Scripture: John 4; 2 Timothy 3:16-17
Leading Question: Why is the Word of God as found in Scripture more powerful than our own words?
Over 100 years ago, a popular American preacher, P. T. Forsyth, wrote some intriguing words about the Bible.
“I do not believe in verbal inspiration. I am with the critics in principle. But the true minister ought to find the words and phrases of the Bible so full of spiritual food and felicity that he has some difficulty in not believing in verbal inspiration.” – P. T. Forsyth, Positive Preaching and the Modern Mind (1907), 38; Eerdmans reprint, 26.
The author of our official study guide put a particular emphasis on Scripture in the title for this week’s lesson, italicizing the word “the” before Word, suggesting that Scripture is in fact more powerful than our own ordinary words. We’ll want to explore why that is the case. The friends of the Samaritan woman who went rushing out to meet Jesus after hearing the testimony of the woman are worth pondering:
John 4:39-42 (NRSV): “Many Samaritans from that city believed in him because of the woman’s testimony, ‘He told me everything I have ever done.’ 40 So when the Samaritans came to him, they asked him to stay with them; and he stayed there two days. 41 And many more believed because of his word. 42 They said to the woman, ‘It is no longer because of what you said that we believe, for we have heard for ourselves, and we know that this is truly the Savior of the world.’”
The example is imperfect because the one whose witness really touched their heart was that of Jesus, the WORD made flesh. But what makes the difference between the words of a person and the words of Scripture? Can the testimony of an ordinary person be more powerful that simply the words of Scripture, spoken, perhaps, without emphasis or color?
We once had a Congregational pastor living in our valley by the name of Roger Robbennolt. He was a gifted dramatist and also had a remarkable conversion story to tell. He told how he had once given a dramatic presentation of Hosea 11 at a time when he was not a believer. A woman came up to him afterwards and said, “You must really believe in God to be able to tell the story of Hosea 11 like that.”
“Not really,” Robbennolt replied. “I actually don’t believe in God.”
The woman paused for a moment, then said, “But you helped me believe in God by the way you spoke those words.”
Could we perhaps say that our own experience with the written Word may enable the Word to be more effective than it could otherwise be?
God’s Word as magic? While the Word of God can be very powerful, it is possible to see in more like magic than a message that moves our hearts by speaking to our reason. I once had an experience with a student who was troubled by the way I was dealing with Scripture. The discussion was about modern translations, and I was wanting my students to be aware of why certain parts of our Bibles go missing in modern translations. In particular, I was focusing on the three most significant New Testament passages in this respect: the final lines of the Lord’s prayer in Matthew 6, the story of the adulterous woman in John 8; and the trinity proof text of 1 John 5:7-8. This is what she said in a written response:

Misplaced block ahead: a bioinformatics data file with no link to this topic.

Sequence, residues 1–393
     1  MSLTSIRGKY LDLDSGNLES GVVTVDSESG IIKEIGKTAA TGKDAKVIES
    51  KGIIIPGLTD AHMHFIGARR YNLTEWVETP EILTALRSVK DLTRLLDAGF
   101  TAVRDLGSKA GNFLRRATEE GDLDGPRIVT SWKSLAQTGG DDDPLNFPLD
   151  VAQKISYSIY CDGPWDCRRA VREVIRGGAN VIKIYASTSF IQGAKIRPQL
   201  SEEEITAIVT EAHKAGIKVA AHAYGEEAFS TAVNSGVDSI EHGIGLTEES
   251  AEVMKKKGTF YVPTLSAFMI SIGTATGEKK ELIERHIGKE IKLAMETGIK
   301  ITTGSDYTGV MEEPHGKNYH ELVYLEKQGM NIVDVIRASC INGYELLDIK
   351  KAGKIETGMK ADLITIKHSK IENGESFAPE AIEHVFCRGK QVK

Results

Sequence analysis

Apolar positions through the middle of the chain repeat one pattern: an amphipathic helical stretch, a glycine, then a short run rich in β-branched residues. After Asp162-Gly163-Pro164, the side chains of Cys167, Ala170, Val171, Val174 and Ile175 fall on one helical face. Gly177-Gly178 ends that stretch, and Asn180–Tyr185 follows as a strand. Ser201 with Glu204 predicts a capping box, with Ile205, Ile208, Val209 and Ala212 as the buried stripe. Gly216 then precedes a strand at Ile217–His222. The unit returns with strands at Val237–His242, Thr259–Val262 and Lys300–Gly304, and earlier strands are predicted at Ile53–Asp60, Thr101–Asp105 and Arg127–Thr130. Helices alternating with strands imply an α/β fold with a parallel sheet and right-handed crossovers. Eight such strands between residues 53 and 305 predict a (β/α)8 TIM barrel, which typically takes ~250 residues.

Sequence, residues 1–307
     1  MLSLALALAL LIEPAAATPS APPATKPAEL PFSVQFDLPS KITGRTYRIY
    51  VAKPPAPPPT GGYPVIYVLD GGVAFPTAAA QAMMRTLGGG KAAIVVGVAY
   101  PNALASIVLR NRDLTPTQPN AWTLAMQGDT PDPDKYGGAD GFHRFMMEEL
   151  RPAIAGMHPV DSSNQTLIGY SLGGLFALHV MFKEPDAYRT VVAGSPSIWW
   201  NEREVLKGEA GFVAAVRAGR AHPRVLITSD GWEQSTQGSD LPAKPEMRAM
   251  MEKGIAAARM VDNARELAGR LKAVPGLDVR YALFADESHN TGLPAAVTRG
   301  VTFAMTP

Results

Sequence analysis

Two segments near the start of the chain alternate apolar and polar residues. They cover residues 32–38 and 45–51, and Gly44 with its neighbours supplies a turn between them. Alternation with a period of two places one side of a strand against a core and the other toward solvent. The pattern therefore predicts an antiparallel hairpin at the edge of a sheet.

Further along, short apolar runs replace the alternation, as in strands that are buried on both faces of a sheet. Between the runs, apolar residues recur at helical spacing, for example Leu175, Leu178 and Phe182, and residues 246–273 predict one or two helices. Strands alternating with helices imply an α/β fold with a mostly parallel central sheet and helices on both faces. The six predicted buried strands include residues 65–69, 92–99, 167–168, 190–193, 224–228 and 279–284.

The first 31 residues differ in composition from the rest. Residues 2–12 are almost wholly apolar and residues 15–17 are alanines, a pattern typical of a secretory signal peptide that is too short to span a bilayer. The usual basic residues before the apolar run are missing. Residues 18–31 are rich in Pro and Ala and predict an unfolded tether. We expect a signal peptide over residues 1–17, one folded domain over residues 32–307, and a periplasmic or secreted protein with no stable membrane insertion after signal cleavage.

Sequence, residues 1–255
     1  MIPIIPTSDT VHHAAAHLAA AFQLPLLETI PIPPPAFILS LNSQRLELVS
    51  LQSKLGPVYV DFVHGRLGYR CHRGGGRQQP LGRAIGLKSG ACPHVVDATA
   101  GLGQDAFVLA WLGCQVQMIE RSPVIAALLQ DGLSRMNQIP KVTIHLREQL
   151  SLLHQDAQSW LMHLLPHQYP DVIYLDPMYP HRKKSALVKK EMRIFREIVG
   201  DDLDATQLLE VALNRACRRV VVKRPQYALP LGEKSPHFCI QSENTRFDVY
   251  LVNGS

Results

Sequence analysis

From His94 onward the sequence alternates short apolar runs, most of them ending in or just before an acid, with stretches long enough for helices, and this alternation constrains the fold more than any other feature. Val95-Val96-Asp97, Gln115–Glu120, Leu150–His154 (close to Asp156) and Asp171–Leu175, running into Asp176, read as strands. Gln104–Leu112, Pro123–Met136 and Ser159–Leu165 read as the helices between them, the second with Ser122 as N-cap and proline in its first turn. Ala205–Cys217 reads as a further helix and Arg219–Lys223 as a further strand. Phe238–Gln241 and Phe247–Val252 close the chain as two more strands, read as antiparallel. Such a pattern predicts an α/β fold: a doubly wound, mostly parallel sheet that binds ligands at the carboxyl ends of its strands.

I guess I really don’t understand. If we teach our children the doxology part, wouldn’t we want it in our Bible, too? The story of the adulteress – if it is not in the old manuscripts then how do we know that it is true? I guess that maybe I am one of those people that you talk about that have a hard time with the fact that you are raising up questions about the word of God.
It is really starting to upset me the way you are making the Bible seem like it all might not be true. See, when I was a kid a lot of people turned out to be not true. They let me down and now I don’t trust them. Well, you are making the Bible feel like I can’t trust it. How do I know what really happened and what did not happen? I have always been able to feel security in the Bible. When I was scared or frightened as a kid I would sleep with it. I always felt safe then. But your class is bringing up questions that I don’t like and can’t deal with. Please help gain back the trust I am losing. Thanks.
I gave her some special care and attention and believe we were able to turn the corner in terms of her life of faith. But her experience has highlighted for me the fine line between the legitimate power of the Word, and the magical aura that can sometimes intrude into our piety.
Metaphors for God’s Word. The official study guide for this week’s lesson provides a rich list of metaphors, rooted in different passages of Scripture, that describe the effect of the Word when it finds root in our lives:
Lamp and a Light (Ps. 119:105)
Fire and a Hammer (Jer. 23:29)
Seed – in good soil (Luke 8:4-15
Bread of Life (John 6:35) – this metaphor triggered a great deal of discussion (see John 6:35-59)
Metaphors aside, the real value of studying the Word is outlined in 2 Tim. 3:16-17: “All scripture is inspired by God and is useful for teaching, for reproof, for correction, and for training in righteousness, 17 so that everyone who belongs to God may be proficient, equipped for every good work” (NRSV). One does not have to be a wordsmith to know that Scripture is a source of power.